Sixth French Open sign of success to come: Nadal

(L to R) Runner up Roger Federer of Switzerland and Champion Rafael Nadal of Spain pose following the men’s singles final match between Rafael Nadal of Spain and Roger Federer of Switzerland on day fifteen of the French Open at Roland Garros in Paris, France. (GETTY IMAGES)

Rafael Nadal believes his sixth French Open triumph can pave the way for successful defences of his Wimbledon and US Open titles which would boost his Grand Slam collection to twelve.
World number one Nadal equalled Bjorn Borg's record of six Roland Garros titles with a 7-5, 7-6 (7/3), 5-7, 6-1 win over old rival Roger Federer as he took his career Paris record to 45 victories against just one defeat.
It was also his 17th win in 25 meetings against Federer and the perfect tonic as he plans to thwart the Swiss star's hopes of regaining his Wimbledon title next month.
"The French Open is always the most special tournament for me and it gives me my biggest chance of the year. So if I win here, I know my year is going to be fantastic," said the 25-year-old Spaniard.
"There will be less pressure on me for the remainder of the season. I will have better confidence. To win here is important for every year. When that happens, in general, I always have a successful season.
Twelve months ago Nadal's fifth Roland Garros teed him up for victory at Wimbledon and the US Open.
His confidence for the rest of the year has also been boosted by the manner in which he triumphed on Sunday.
He arrived in Paris having lost four successive Masters finals to Novak Djokovic, the last two of which were on Nadal's beloved clay in Madrid and Rome.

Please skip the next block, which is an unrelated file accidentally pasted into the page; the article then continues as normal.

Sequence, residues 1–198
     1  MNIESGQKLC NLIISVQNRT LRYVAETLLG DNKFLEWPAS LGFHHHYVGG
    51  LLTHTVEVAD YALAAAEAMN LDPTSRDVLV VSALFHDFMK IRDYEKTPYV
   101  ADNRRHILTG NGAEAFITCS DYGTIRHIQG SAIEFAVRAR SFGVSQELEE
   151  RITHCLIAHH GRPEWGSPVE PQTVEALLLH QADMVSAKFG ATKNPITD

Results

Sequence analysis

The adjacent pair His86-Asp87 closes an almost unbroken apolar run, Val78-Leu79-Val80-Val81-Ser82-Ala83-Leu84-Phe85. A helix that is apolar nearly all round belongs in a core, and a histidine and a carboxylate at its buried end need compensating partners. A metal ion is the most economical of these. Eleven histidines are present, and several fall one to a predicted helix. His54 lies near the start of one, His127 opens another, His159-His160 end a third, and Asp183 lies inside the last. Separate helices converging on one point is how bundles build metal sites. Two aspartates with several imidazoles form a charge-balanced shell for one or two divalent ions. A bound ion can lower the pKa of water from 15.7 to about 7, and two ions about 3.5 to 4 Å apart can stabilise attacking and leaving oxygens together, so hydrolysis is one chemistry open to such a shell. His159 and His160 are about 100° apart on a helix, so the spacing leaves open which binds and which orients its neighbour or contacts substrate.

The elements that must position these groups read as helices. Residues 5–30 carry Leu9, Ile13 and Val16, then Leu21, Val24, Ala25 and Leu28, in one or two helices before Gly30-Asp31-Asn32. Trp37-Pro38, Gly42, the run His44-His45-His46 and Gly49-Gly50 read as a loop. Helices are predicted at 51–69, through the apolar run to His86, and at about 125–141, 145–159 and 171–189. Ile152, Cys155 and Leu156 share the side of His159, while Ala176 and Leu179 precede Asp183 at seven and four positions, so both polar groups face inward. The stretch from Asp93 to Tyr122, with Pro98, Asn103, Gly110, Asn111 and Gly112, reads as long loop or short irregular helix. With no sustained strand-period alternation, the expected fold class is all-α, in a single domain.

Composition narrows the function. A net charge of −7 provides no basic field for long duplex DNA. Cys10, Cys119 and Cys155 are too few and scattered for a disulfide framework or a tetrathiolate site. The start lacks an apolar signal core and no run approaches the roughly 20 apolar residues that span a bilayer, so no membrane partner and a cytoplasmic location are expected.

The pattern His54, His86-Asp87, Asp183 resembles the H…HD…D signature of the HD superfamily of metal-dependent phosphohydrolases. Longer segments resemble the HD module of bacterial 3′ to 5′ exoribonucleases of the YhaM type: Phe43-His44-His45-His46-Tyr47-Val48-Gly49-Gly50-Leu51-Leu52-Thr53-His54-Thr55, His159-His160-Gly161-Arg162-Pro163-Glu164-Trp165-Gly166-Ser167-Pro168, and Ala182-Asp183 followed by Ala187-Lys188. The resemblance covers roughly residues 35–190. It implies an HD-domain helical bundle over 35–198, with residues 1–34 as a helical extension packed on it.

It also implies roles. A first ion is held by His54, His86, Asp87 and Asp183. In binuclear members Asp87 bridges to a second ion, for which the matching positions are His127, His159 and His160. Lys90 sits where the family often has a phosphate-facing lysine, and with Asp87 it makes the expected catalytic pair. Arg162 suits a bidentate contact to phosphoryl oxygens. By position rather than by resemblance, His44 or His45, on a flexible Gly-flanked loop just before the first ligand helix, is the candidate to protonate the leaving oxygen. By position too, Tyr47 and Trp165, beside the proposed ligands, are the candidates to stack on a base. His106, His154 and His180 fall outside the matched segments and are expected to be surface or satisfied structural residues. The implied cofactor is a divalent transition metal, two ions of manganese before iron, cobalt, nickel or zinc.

He struggled in his first round here, having to come back from two sets to one down to defeat America's John Isner.
A world-weary Nadal then announced that he wasn't playing well enough to win a sixth French Open and complained that he felt as if he had been on the tour for 100 years.
His ability to turn his fortunes around so quickly made his 2011 French Open victory even sweeter.
"Every title is special. Sometimes when you have to fight a lot to change things it is even more special," said Nadal, who compared Sunday's tough victory to his 2008 stroll over Federer.
Back then, he allowed the Swiss just four games, the most one-sided Roland Garros final in 30 years.
"In 2008 I was playing better than ever. But I didn't feel as if I had won Roland Garros. I played fantastic tennis with very few tough moments.
"When you have to come back from tough moments, victories are more special for sure. This title is very important and I am happy that the work has paid off."
Despite his dark mood earlier in the competition, Nadal said he always knew he could find a way out of trouble and with Federer having ended Djokovic's remarkable 43-match winning run in the semi-finals, the door to victory was ajar.
"I came to Paris with less confidence than other times because I saw Novak playing fantastic. But I was practising well and I knew that being able to play well on the court would not be too far away. If I didn't I would be going home."
Next up for Nadal is the Queens Club tournament and re-acquainting himself on grass ahead of Wimbledon where he has twice been champion in 2008 and 2010.
"I will practise on Monday, play doubles on Tuesday and singles on Wednesday. It's always a big change for me having to go to the grass even though I have had success in the past.
"I have to remember what I did well in the past and what I have to do to adapt. But winning in Paris means I can play Queens and Wimbledon with less pressure."

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